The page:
Popular Apps Google Chrome Review: How’s the dominant king of web browsers holding up? Chrome is the current browser king, and it’s hard not to see why. It’s a very stable, clean, intuitive and powerful browser that can link bookmarks and passwords across devices while giving users the ability to customize extensively. January 21, , 7:
Google Chrome Review: How’s the dominant king of web browsers holding up?
My tests of Chrome versus Firefox unearthed a personal data caper of absurd proportions. By Geoffrey A. Fowler, The Washington Post Updated: Do you know who is looking back at you? Over a recent week of Web surfing, I peered under the hood of Google Chrome and found it brought along a few thousand friends. Shopping, news and even government sites quietly tagged my browser to let ad and data companies ride shotgun while I clicked around the Web.
This was made possible by the Web’s biggest snoop of all: Seen from the inside, its Google Chrome browser looks a lot like surveillance software. Lately I’ve been investigating the secret life of my data, running experiments to see what technology really is up to under the cover of privacy policies that nobody reads. It turns out, having the world’s biggest advertising company make the most-popular Web browser was about as smart as letting kids run a candy shop.
It made me decide to ditch Google Chrome for a new version of nonprofit Mozilla’s Firefox , which has default privacy protections. Switching involved less inconvenience than you might imagine. My tests of Google Chrome versus Mozilla Firefox unearthed a personal data caper of absurd proportions.
In a week of Web surfing on my desktop, I discovered 11, requests for tracker “cookies” that Chrome would have ushered right onto my computer, but were automatically blocked by Firefox.
These little files are the hooks that data firms, including Google itself, use to follow what websites you visit so they can build profiles of your interests, income and personality. Chrome welcomed trackers even at websites you’d think would be private.
They surreptitiously told the data giants every time I pulled up the insurance and loan service’s log-in pages. And that’s not the half of it. Look in the upper right corner of your Chrome browser. See a picture or a name in the circle? If so, you’re logged in to the browser, and Google might be tapping into your Web activity to target ads. Don’t recall signing in?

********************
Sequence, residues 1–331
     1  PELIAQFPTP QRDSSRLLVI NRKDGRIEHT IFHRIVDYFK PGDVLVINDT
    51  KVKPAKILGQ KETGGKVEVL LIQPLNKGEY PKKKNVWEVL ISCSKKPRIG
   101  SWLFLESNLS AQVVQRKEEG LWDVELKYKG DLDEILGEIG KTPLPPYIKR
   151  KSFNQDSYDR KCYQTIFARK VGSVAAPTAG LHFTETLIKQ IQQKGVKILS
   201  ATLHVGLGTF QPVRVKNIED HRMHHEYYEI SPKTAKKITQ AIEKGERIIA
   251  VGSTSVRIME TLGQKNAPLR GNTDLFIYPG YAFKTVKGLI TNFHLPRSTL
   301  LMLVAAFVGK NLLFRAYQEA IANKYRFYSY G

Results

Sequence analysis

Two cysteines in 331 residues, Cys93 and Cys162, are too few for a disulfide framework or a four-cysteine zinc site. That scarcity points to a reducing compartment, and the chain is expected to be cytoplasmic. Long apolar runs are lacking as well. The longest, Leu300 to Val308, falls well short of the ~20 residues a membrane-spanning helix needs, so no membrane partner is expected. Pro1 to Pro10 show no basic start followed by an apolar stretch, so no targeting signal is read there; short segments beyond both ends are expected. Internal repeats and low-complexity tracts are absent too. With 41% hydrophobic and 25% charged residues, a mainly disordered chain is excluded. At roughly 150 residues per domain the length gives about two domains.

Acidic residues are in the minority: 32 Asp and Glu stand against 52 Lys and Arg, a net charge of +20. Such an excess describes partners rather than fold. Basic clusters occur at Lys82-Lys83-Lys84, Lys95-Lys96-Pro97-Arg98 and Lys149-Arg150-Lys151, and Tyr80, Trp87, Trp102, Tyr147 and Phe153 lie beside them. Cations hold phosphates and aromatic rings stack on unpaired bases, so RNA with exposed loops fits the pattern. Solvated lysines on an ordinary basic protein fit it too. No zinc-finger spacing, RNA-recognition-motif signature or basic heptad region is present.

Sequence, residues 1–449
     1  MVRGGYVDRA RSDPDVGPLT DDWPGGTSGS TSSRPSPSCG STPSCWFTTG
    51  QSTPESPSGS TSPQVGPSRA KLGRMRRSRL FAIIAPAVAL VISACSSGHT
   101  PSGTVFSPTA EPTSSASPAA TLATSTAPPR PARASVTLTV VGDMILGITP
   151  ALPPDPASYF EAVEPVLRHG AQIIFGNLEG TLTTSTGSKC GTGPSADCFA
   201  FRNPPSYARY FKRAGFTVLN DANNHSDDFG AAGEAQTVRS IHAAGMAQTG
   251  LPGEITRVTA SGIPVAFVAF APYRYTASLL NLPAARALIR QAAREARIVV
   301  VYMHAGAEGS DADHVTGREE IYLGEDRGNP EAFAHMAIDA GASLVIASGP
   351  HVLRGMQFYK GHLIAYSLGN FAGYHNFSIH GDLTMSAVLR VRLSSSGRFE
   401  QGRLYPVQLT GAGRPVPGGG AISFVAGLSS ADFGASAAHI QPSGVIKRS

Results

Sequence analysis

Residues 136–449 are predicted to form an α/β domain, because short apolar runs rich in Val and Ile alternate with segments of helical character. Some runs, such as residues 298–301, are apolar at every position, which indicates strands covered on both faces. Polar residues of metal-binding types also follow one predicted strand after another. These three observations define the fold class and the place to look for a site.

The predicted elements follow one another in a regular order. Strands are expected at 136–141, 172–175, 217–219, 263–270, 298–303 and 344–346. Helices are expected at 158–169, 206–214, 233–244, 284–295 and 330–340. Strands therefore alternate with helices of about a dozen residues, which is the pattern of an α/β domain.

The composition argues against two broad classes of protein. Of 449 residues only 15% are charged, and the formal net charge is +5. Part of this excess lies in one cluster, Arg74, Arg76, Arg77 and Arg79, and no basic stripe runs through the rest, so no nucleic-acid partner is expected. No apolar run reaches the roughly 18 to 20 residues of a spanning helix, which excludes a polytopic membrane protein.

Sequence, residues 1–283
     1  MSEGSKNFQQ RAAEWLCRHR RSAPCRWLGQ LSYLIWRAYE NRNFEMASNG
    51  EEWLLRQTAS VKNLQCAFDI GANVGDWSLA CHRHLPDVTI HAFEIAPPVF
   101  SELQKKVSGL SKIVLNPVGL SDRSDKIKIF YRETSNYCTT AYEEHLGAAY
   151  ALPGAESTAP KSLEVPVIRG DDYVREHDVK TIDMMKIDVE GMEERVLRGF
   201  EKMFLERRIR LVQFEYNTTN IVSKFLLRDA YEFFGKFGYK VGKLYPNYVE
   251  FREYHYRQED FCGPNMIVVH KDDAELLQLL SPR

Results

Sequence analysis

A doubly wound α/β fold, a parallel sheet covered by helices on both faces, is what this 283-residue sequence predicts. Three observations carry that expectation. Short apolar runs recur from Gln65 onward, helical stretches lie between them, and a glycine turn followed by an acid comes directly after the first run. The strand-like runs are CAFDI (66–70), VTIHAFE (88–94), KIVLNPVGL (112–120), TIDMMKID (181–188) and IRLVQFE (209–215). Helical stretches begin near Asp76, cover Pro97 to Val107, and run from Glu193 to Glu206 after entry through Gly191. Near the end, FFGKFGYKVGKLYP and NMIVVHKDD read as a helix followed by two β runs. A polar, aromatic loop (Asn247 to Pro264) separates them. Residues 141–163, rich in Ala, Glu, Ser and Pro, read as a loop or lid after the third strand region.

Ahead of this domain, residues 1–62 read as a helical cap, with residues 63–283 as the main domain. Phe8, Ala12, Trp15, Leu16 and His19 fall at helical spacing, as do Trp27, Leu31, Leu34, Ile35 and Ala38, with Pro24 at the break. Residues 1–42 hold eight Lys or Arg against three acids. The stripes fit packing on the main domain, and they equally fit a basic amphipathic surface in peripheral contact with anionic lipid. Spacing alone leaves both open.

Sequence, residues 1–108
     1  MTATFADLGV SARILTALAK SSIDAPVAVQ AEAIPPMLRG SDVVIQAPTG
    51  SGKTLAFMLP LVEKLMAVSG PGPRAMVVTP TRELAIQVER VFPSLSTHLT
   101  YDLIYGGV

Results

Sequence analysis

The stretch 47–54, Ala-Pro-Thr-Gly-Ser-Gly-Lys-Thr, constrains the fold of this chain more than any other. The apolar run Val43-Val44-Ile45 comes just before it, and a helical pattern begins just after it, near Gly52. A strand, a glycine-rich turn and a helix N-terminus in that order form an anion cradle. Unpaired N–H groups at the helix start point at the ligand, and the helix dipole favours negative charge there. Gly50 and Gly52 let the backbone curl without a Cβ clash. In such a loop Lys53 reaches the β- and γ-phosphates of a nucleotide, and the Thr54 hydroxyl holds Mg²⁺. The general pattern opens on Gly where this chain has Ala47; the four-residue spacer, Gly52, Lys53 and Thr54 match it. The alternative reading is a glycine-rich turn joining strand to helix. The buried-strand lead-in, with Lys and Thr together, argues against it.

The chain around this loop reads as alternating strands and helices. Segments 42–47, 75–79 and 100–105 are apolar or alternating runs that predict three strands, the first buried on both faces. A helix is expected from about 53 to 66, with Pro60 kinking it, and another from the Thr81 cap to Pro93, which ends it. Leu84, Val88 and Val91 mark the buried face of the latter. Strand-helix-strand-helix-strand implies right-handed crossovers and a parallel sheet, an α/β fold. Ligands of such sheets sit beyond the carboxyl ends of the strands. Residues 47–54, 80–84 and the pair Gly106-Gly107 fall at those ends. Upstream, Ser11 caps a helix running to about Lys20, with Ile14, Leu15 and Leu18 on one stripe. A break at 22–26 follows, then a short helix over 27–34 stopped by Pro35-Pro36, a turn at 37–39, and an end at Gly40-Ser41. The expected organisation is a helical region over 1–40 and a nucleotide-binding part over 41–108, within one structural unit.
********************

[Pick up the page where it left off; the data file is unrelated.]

I didn’t, either. Chrome recently started doing that automatically when you use Gmail. Chrome is even sneakier on your phone. If you use Android , Chrome sends Google your location every time you conduct a search.
If you turn off location sharing it still sends your coordinates out, just with less accuracy. Firefox isn’t perfect – it still defaults searches to Google and permits some other tracking.
But it doesn’t share browsing data with Mozilla , which isn’t in the data-collection business. At a minimum, Web snooping can be annoying. Cookies are how a pair of pants you look at in one site end up following you around in ads elsewhere.
More fundamentally, your Web history – like the color of your underpants – ain’t nobody’s business but your own. Letting anyone collect that data leaves it ripe for abuse by bullies, spies and hackers. Google’s product managers told me in an interview that Chrome prioritises privacy choices and controls, and they’re working on new ones for cookies. But they also said they have to get the right balance with a “healthy Web ecosystem” read: Firefox’s product managers told me they don’t see privacy as an “option” relegated to controls.
They’ve launched a war on surveillance, starting this month with “enhanced tracking protection” that blocks nosy cookies by default on new Firefox installations. But to succeed, first Firefox has to convince people to care enough to overcome the inertia of switching.
It’s a tale of two browsers – and the diverging interests of the companies that make them. The upstart Chrome solved real problems for consumers, making the Web safer and faster. Today it dominates more than half the market. Lately, however, many of us have realized that our privacy is also a major concern on the Web – and Chrome’s interests no longer always seem aligned with our own.
That’s most visible in the fight over cookies. These code snippets can do some helpful things, like remembering the contents of your shopping cart. But now many cookies belong to data companies, which use them to tag your browser so they can follow your path like crumbs in the proverbial forest. They’re everywhere – one study found third-party tracking cookies on 92 percent of websites. The Washington Post website has about 40 tracker cookies, average for a news site, which the company said in a statement are used to deliver better-targeted ads and track ad performance.
You’ll also find them on sites without ads: Both Aetna and the FSA service said the cookies on their sites help measure their own external marketing campaigns. The blame for this mess belongs to the entire advertising, publishing and tech industries.